Quote:

Terrorism in the Horn of Africa

Summary

For over a decade, the United States has considered the Horn of Africa—Kenya, Ethiopia, Djibouti, Somalia, Eritrea, and Sudan—a major source of terrorism. Following the 9-11 attacks against the United States, the Horn has come under increased scrutiny as a strategic focal point in the war against terrorism.

* In May 2003, the Kenyan government admitted that a key member of the al Qaeda terror network was plotting an attack on western targets, confirming al Qaeda's firm local presence.

* Ethiopian Muslims have not been receptive to Islamic fundamentalism and they lack centralized power. They tend to identify first with their ethnic kin. Muslims and Christians are geographically intermixed throughout most of the country. Islam in Ethiopia has been benign during the past century. But the potential for conflict is present.

* Djibouti's importance to terrorists derives from its transit capabilities rather than its potential as a base for international terrorist organizations. Events since 1999, however, may have increased Djibouti's attractiveness to international terrorists.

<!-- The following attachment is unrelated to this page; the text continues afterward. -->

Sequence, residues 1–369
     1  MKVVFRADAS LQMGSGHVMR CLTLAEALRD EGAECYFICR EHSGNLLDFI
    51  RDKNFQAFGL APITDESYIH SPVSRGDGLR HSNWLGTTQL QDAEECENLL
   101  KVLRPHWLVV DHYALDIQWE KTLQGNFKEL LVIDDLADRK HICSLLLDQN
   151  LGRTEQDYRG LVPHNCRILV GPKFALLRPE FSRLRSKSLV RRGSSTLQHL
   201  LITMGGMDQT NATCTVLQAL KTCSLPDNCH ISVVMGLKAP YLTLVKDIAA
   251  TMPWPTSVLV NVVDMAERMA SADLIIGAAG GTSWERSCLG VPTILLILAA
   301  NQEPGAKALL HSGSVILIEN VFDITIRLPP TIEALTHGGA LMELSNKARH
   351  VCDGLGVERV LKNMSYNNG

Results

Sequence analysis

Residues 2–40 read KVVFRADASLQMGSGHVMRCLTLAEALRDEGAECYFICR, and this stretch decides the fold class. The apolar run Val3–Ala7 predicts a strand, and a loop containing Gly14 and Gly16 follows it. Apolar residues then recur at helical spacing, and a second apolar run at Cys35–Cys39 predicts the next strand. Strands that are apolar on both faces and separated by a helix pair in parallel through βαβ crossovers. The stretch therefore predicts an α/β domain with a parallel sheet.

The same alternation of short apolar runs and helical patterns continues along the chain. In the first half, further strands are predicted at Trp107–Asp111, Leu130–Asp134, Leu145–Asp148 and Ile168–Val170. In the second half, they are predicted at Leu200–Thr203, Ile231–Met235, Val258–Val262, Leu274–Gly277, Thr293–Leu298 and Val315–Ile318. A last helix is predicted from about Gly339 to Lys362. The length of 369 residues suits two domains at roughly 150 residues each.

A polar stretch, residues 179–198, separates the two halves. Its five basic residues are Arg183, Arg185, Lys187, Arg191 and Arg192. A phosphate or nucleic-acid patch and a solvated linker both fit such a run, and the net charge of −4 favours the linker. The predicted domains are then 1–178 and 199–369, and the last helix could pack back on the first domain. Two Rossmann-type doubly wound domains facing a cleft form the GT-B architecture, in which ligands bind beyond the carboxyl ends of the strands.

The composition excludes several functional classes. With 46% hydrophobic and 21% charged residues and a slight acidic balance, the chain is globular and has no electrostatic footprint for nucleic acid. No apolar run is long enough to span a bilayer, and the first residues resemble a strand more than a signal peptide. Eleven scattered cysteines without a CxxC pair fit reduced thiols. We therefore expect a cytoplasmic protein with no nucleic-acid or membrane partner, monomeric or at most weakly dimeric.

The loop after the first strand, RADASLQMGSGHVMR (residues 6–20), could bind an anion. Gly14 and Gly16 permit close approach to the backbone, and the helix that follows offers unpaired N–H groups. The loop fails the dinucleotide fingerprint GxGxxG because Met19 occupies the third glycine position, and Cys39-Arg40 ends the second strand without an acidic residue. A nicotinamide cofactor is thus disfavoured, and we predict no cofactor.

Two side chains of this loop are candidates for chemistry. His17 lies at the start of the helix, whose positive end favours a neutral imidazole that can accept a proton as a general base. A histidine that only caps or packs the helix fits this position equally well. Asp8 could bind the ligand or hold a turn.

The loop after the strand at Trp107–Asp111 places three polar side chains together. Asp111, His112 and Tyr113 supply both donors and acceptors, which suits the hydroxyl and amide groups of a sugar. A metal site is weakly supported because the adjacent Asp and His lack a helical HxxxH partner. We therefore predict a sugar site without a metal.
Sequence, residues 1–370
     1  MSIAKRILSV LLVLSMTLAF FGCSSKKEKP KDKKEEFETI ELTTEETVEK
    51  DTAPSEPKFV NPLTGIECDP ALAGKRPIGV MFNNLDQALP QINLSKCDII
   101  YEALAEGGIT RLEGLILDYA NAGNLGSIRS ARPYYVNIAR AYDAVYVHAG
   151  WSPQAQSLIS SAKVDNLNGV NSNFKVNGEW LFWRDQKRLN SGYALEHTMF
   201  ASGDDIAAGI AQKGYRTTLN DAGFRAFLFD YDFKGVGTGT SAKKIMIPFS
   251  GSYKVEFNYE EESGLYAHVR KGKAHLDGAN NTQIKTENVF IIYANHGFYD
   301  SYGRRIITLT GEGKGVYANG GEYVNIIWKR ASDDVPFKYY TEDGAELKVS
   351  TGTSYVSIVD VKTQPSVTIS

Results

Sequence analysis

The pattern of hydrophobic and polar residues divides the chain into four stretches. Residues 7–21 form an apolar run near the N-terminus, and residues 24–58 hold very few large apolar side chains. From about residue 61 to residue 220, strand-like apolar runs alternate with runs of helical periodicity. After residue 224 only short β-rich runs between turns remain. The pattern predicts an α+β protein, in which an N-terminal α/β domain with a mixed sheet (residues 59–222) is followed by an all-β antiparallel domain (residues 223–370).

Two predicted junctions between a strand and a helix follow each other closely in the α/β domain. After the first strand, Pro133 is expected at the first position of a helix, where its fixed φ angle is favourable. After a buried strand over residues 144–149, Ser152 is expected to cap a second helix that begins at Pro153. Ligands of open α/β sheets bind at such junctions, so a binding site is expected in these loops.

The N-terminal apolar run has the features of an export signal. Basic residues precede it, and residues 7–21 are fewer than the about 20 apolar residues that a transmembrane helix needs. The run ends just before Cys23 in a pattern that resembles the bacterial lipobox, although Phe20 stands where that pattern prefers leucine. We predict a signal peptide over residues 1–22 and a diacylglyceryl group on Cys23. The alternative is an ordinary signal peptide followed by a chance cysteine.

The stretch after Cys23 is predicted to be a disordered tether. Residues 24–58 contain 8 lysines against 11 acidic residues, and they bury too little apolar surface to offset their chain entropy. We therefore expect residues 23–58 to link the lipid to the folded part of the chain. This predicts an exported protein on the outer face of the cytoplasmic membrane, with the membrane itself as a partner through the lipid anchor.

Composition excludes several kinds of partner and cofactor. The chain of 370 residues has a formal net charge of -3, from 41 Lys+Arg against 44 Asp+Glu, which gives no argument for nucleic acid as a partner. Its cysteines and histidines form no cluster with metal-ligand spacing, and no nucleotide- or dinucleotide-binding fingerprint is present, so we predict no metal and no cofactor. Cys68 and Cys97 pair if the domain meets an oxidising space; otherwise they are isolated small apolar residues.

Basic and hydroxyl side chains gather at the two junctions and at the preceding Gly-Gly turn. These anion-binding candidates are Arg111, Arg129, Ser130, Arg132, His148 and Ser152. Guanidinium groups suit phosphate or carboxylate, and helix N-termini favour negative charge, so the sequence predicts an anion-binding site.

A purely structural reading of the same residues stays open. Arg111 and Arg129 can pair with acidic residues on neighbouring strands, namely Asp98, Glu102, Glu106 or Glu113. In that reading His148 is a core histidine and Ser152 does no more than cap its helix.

* Somalia has played a role in Islamist terrorism, albeit a specialized one. It has served primarily as a short-term transit point for movement of men and materiel through the porous and corrupt border between Somalia into Kenya, which has been a preferred site of terrorist attacks.

* Eritrea's inclusion in the "coalition of the willing" threatens to widen the gap between moderate and radical Eritrean Muslims due to the regime's use of the "war against terrorism" to eliminate all dissent.

* The government of Sudan stands at a crossroads. It is attempting to move in a new direction through serious peace negotiations with the Sudan People's Liberation Army (SPLA) and improved relations with the United States, but those efforts are being hindered by high-ranking officials who remain committed to the radical Islamist agenda.